Kingsland (ASX:KNG) sets 50-90Mt contained graphite target for Leliyn

Kingsland (ASX:KNG) sets 50-90Mt contained graphite target for Leliyn

June 19, 2024 Off By Jack Baker

Kingsland Minerals has set an upgraded exploration target for as much as 90 million new tonnes of contained graphite at its Leliyn project in the Northern Territory.

The target is not inclusive of an existing 194.6 million tonne at 7.3 per cent total graphitic carbon inferred resource in place at Leliyn, figures which already has it standing as the nation’s largest deposit.

The 700 million to 1.1 billion tonne target at 7-8% TGC is instead directed at the 12 kilometres of graphitic schist strike north of the established resource.

Kingsland Minerals Managing Director Richard Maddocks said the new tonnage estimation came after confirming the deposit’s ability to produce a fine-flake commercial grade concentrate.

“This exploration target confirms the exceptional scope of Leliyn to become one of the world’s largest graphite deposits,” Maddocks said.

“We will continue to undertake metallurgical test work to optimise graphite concentrate properties and have commenced discussions with strategic end users and potential customers.”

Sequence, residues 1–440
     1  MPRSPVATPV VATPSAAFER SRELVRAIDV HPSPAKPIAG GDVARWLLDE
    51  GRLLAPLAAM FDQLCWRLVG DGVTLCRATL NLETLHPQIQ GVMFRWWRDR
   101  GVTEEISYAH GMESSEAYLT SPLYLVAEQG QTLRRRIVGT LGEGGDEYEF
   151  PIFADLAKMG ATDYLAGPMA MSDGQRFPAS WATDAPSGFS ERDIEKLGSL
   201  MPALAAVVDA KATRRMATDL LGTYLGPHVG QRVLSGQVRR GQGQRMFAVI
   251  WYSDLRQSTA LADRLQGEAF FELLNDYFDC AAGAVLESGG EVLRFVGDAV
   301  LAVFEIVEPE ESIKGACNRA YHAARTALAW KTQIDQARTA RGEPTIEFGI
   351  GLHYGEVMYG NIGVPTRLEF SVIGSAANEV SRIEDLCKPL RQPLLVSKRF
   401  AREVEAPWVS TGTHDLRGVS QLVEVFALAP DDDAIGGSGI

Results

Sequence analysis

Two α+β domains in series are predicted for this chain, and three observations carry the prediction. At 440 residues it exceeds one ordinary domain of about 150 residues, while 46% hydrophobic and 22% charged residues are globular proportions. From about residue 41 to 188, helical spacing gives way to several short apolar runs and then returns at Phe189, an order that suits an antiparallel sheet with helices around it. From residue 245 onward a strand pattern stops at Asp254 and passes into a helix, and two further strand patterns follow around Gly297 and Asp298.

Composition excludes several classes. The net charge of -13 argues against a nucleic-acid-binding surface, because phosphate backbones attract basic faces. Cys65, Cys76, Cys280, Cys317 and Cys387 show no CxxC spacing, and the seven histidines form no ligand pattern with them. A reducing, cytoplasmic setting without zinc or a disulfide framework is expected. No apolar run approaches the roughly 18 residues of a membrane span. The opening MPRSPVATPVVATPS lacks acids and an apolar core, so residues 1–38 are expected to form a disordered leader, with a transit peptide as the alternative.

The Perth-based explorer will need more drilling success to re-classify the target into mineral resources but stands confident given the continuous along-strike nature and consistent width within the resource area so far.

Historic copper-focused work in the target area by Aztec Mining and Thundelarra Exploration indicated flake graphite in all three analysed holes, showing especially coarse, abundant graphite, and rich beds containing around 15%.

Flotation optimisation studies are continuing over producing fine-flake concentrate, with future work set to assess production of a spherical product as a precursor for battery anode material.

The 14.2 million tonnes of contained graphite at Leliyn already has it among the top few undeveloped graphite projects in the world, and even the lowest end of the upgraded target would likely place Kingsland in the top spot.

Raw tonnage is certainly handy, but just part of the graphite game, and while the geology is relatively simple, producing an end product and finding a buyer is a crux.

Work will continue at that end after recent success producing a 94% plus TGC product, a result strong enough for Kingsland to begin early discussions around processing and offtake.

Leliyn’s access to Port Darwin would make for a fine gateway into the large Asian graphite markets, and Kingsland suspects once an indicated resource and some more metallurgy is in place, end users may start making inquiries in earnest.

Read more on Kingsland and the Leliyn discovery: The journey to unveiling an unexpected graphite monster

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